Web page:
Why Audiobooks?

Listening to someone reading you a story is one of life’s great pleasures. Most of us grew up listening to stories – whether read by a parent, grandparent, carer, sibling, or on the radio or television. Our aural tradition is part of our DNA and listening to a story, read in an intimate and compelling way is an exhilarating and enlightening experience. It feels a little like going to the theatre to see a performance given for you alone, it’s just you and the voice in your ear going on an amazing journey together. Achieving that connection between author, reader and audience is what makes audiobooks such a rewarding experience.

How did books in audio begin?

In Britain, the first attempt to create a book in audio was as a direct result of First World War injury sustained during the Battle of the Somme in July 1916 when Captain Ian Fraser lost his sight. Mourning the loss of one of his greatest pleasures, reading, when he returned to England he began working for NIB (the National Institute for the Blind in 1918 and began experimenting with making recordings of people reading aloud. Early discs could hold only five minutes of recorded voice, but despite slow progress, Fraser and his team at NIB continued experimenting.  

Some years later, NIB and St Dunstan’s (a charity set up in 1915 to care for soldiers blinded in the war) created ‘The Sound Recording Committee’. The Committee decided that the best format for ‘Talking Books’ as they were then called, would be on gramophone records gramophone and work began on recording the first titles to be delivered. By narrowing the shellac record’s grooves and playing at a reduced speed on special machines, Fraser and his team managed to create records that played for twenty-five minutes on each side, so the average novel was sent out on ten records which were played on special machines. Early ‘Talking Books’ were often read by BBC announcers, whose clear and precise tones were already familiar. 

The first ‘talking book’ deliveries were made on 7th November 1935, and only two years after the library first opened, almost a thousand blind and partially sighted people had received a machine and were regular listeners. In 1937 NIB built its first dedicated recording studio. NIB received its Royal Charter in 1948 and became The Royal National Institute for the Blind (RNIB) in 1953. It is now known as the Royal National Institute of Blind People and has more than 2 million members in the UK. The Talking Book Library is still operational, recording new titles from its own studios and sending out over 10,000 talking books in its own DAISY format every day.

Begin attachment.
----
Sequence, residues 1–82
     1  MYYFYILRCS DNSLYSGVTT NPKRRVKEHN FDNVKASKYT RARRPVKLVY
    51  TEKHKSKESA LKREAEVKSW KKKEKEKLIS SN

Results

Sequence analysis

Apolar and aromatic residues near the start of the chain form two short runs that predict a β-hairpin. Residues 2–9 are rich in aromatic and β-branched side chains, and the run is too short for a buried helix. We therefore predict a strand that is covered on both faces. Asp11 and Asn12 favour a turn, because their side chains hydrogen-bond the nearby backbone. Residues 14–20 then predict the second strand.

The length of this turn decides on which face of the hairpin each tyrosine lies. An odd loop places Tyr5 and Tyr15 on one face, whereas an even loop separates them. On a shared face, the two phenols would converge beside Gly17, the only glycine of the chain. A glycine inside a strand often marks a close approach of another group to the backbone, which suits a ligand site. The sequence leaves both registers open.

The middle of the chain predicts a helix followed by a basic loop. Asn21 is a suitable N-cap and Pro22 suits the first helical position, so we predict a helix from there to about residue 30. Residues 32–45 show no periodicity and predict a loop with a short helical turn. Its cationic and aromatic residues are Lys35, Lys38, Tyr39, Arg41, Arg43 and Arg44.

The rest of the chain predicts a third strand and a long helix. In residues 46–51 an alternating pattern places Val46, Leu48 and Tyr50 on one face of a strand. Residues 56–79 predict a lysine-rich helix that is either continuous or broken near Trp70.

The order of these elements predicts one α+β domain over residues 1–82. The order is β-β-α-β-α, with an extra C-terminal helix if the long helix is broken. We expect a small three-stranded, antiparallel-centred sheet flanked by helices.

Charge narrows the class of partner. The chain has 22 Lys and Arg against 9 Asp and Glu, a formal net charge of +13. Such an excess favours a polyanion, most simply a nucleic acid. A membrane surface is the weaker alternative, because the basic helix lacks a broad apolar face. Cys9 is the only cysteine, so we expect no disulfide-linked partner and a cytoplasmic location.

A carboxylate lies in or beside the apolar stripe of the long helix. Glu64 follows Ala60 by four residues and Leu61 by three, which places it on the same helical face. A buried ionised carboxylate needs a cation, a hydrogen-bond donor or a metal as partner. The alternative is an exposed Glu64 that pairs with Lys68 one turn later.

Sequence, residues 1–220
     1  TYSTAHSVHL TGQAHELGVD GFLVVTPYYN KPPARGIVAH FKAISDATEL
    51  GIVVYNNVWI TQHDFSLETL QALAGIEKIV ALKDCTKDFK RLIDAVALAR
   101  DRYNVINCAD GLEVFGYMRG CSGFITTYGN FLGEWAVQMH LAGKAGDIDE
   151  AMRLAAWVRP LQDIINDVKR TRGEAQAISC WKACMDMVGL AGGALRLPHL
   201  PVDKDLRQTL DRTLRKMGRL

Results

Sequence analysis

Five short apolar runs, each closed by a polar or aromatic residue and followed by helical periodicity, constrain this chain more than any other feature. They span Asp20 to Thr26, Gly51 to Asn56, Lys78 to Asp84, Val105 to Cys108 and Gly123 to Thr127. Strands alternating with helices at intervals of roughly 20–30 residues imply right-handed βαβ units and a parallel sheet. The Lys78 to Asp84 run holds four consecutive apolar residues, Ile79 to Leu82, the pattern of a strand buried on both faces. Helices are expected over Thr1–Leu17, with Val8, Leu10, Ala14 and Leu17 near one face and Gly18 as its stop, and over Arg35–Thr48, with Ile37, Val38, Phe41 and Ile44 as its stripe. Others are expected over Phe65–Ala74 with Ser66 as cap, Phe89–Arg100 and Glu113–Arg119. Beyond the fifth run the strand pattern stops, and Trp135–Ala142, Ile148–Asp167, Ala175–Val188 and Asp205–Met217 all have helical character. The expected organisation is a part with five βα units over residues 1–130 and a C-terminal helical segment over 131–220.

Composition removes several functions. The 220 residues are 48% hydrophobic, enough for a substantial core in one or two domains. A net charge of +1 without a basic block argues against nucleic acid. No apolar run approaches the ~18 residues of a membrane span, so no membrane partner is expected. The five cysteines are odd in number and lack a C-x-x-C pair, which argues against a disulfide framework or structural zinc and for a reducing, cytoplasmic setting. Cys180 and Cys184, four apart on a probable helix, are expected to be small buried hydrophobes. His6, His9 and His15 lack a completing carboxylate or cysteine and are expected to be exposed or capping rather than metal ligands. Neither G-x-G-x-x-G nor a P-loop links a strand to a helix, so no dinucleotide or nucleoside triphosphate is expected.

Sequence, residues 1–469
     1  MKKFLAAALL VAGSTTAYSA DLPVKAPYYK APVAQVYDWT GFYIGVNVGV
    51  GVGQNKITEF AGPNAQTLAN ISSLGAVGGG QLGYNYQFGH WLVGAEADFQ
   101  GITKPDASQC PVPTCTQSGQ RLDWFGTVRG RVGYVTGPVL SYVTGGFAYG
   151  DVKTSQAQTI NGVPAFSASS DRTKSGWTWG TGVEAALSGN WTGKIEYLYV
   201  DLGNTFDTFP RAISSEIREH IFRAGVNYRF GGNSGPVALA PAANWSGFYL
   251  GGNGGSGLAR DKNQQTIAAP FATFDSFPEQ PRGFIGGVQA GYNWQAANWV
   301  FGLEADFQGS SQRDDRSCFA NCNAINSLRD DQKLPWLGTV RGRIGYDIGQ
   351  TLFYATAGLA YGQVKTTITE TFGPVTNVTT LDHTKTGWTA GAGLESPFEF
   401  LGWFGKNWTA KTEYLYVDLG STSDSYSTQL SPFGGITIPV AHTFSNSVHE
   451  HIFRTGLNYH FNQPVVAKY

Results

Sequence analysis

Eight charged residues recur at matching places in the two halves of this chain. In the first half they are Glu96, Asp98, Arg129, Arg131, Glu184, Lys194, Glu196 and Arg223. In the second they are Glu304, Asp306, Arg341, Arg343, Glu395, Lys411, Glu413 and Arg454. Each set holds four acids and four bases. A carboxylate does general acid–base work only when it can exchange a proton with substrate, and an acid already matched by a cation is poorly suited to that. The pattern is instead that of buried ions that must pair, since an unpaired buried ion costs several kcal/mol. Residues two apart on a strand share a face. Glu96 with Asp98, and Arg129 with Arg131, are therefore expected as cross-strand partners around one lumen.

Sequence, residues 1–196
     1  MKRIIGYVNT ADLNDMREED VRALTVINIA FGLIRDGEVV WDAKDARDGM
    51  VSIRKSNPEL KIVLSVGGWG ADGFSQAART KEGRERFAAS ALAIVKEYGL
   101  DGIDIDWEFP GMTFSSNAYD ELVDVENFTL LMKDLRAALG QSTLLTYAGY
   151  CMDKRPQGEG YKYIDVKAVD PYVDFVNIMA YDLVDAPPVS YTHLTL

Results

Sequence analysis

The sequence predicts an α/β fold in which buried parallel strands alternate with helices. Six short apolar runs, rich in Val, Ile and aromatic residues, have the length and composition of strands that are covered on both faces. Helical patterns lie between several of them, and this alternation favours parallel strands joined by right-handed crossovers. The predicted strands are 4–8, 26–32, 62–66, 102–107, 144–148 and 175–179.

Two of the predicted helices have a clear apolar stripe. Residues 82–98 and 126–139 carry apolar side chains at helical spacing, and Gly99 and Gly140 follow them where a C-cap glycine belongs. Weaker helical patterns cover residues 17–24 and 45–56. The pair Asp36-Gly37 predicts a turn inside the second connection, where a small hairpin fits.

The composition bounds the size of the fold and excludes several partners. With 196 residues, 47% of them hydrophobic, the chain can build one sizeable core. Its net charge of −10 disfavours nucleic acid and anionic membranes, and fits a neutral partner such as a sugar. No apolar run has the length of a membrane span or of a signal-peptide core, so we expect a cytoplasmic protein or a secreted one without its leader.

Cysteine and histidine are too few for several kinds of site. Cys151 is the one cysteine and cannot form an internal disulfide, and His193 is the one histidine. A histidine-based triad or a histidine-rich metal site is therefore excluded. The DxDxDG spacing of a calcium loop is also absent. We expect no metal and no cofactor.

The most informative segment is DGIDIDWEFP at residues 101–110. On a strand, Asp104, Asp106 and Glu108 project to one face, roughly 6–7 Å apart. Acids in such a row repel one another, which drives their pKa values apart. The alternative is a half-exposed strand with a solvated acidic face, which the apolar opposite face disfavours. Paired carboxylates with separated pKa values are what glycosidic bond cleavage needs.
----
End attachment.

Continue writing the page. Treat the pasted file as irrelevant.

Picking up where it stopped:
In America, the Pratt-Smoot Act was established in 1931 to provide blind adults with access to books created in Braille. In 1933 the act was amended to include talking books recorded on vinyl. Early recordings included readings of Helen Keller, The Bible, O. Henry, and Edgar Allen Poe. Since many soldiers sustained eye injuries during WWI, and later WWII, there was a continued focus moving forward to provide veterans and other visually impaired Americans with access to books in audio form. 

The development of audiobooks. 

Things began to change rapidly in the late 1960s with the development of the audio cassette. These were unanimously adopted for talking books and the medium began to gain popularity although it was still regarded as being a niche market. When major print publishers including Penguin Random House and Simon and Shuster started taking an interest and opened their own audio publication divisions, their popularity – and their audiences – grew. Talking Books were no longer regarded as being only for people who had, for whatever reason, a difficulty in reading themselves. 

The idea of having a story told to you, read by a professional narrator, began to gain widespread appeal. By 1994 the term ‘Audiobook’ was universally adopted, and a year later Audible made it possible for people to download audiobooks onto a desktop computer. 

Today, Audiobooks are widely enjoyed by people without any visual impairment or other reading difficulty. They are no longer regarded as an inferior way of consuming books, or as a poor substitute for reading. Audiobooks are now recognised as a major contributor to the publishing industry as a whole, and though not every book that is printed is automatically made available in Audible, there is a growing demand for audiobooks to be made as part of the publishing package rather than as an optional extra. 

Tens of thousands of audiobooks are recorded every year – and the numbers are steadily increasing. Over 80,000 in the US alone last year, and according to the Audio Publishers Association (APA) that number is rising year on year.

There are hundreds of voice actors, editors, producers, and audio engineers involved in making audiobooks. Some are created in the traditional way in a mainstream studio, but an increasing number are recorded remotely from personal studios. More and more of the industry is moving to this model – engineers, proofers, editors, narrators and producers invest thousands of pounds in personal studios in their own homes, to deliver audio of a comparable quality to that achieved in an all bells and whistles studio in Central London, New York, or Los Angeles. 

Raconteurs is part of this audiobook revolution. Thanks to our meticulous screening and careful editing and mastering which is tailored to each individual project, clients can be confident that we achieve quality at an affordable price. All of our productions are created remotely; allowing us to keep our rates competitive, without any reduction in the quality that our clients expect and deserve. 

Helen Lloyd.

© Raconteurs Audio LLP 2024.

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